©2014 by Charles Strohmer
The previous two posts introduced the idea that paths of wisdom are paths of a special kind of peace called shalom. These paths have an (often overlooked) direction: social, political, and economic well-being, wholeness, flourishing. We also looked at shalom as what I call the wisdom norm of peaceableness, which should have particular appeal to those whose desires include working for the good of their communities amid its diversity. The next few posts will take this further by looking at the wisdom norm of human mutuality.
With the world today increasingly becoming pluralistically close-knit, it takes skill to be in each other’s space without getting in each other’s face. The agency of wisdom enables us to have that skill. But like all skills, it isn’t developed overnight. In my own personal formation in this area, far from complete, the wisdom tradition’s emphasis on shalom in the context of “human mutuality” has been a godsend in many ways, such as in helping me to shake off unpromising ways of thinking and replace them with a more wisdom-based worldview, and in discovering how to love my neighbor as myself.
What is human mutuality? I am grateful to John Peck, British philosopher and theologian, and a dear friend and mentor, who helped me to understand that the wisdom tradition directs our attention to the basic interests, concerns, and goals that are shared by the human family as a whole before distinctions are made about ethnicity, nationality, and religion or even about, as today we would put it, who is religious and who is “secular.” This points to what I call the wisdom norm of mutuality.
Since time immemorial every person on the planet has participated in the same creation, held in common that bond of being human, shared the same basic concerns and interests, and desired and worked toward their fulfilment. Even beyond the most essential needs – water, food, shelter – all peoples everywhere, in any time, have desired that their children are raised safely and educated, that their societies are ordered and lawful, that poverty and hunger should be overcome, that the suffering of others should be eased, that opportunities to increase their well-being should not be denied to them, that justice prevail, and so on. Such shared basic concerns and interests have inspired billions of us to agree that there is common good to work toward achieving. People everywhere and in any time are constituted that way, believers and atheists alike. That is human mutuality. And wisdom lives and moves and has its being in it.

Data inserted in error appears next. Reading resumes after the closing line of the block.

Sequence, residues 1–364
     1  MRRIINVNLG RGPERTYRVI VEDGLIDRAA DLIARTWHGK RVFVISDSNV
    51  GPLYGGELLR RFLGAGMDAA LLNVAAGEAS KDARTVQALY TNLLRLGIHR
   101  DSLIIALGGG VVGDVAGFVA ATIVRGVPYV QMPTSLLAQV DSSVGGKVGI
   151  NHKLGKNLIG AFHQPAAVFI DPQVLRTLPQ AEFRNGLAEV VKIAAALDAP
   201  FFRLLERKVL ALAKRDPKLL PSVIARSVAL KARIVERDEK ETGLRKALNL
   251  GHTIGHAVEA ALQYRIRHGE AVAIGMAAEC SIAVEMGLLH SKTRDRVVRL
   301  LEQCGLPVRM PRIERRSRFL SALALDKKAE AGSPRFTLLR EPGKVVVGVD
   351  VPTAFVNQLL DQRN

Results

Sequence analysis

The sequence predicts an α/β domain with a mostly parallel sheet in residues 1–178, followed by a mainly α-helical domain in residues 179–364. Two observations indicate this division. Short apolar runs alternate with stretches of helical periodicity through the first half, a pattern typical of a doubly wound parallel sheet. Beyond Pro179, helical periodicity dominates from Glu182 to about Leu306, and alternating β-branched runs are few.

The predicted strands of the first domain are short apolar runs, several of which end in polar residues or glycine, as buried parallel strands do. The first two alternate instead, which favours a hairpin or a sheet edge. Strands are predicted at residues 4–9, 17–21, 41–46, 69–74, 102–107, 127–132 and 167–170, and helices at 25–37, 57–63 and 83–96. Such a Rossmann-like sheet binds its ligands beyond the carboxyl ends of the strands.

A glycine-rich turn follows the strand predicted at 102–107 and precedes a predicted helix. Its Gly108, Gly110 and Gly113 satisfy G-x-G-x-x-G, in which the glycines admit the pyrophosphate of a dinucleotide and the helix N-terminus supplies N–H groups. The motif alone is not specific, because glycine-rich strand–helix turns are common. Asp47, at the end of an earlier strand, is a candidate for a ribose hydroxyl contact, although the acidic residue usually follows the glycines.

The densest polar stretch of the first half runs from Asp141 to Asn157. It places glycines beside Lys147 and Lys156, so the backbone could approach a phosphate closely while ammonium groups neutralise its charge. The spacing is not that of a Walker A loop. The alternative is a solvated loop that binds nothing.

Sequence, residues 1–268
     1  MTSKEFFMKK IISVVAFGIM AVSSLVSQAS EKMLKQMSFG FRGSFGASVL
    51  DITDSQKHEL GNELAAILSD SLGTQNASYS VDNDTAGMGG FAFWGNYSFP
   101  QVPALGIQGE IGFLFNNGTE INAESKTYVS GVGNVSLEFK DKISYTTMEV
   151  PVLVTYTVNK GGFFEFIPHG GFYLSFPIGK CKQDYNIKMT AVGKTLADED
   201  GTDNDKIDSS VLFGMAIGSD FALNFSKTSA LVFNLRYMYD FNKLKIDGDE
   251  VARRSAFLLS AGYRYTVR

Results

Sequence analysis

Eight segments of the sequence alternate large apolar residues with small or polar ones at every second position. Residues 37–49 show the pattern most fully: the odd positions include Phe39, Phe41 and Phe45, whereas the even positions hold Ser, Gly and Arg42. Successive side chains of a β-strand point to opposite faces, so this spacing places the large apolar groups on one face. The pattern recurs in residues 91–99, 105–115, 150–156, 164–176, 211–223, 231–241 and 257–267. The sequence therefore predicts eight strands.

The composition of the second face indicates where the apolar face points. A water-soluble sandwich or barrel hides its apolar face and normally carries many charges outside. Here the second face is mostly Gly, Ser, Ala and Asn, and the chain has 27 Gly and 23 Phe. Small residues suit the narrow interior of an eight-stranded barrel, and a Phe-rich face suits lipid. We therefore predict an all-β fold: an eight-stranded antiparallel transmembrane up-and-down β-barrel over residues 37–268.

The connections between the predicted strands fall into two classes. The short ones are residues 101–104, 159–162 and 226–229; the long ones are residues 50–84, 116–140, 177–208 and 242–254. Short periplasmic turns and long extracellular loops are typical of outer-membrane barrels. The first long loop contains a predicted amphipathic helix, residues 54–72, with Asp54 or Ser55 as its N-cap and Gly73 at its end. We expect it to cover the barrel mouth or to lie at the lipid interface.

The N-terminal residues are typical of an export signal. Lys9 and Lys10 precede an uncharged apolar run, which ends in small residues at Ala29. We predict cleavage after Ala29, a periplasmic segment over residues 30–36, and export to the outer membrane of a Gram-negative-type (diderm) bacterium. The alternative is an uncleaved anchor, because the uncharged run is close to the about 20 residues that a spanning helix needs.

Call it common ground or common good or, simply, the commons, as some do. The shared concerns of everyday life and the decisions people will make in and about them as they live and work together is a central interest of the wisdom tradition. Work and wealth, family and neighbors, relationships and communication, politics and government, diplomacy and negotiations, rulers and the administration of justice, business and finance, prosperity and suffering, sickness and health, happiness and grief, social life and the law, the rich and the poor, the single and the married, parents and children, earning a living – such are subjects the wisdom literature finds as its objects – the stuff of human mutuality.
The wisdom books of Ecclesiastes, Proverbs, and Job deal with it extensively, and a huge emphasis is placed on the kinds of decisions people make in and about such areas, across the spectrum of life, in their relationships with others, day in and day out. Today such interests are often bracketed as secular life – much to the distress of many Muslims and Christians. Nevertheless, according to the wisdom literature, people are known as being wise or foolish depending on the choices they make in these areas. (We’ll take this further in the next post.)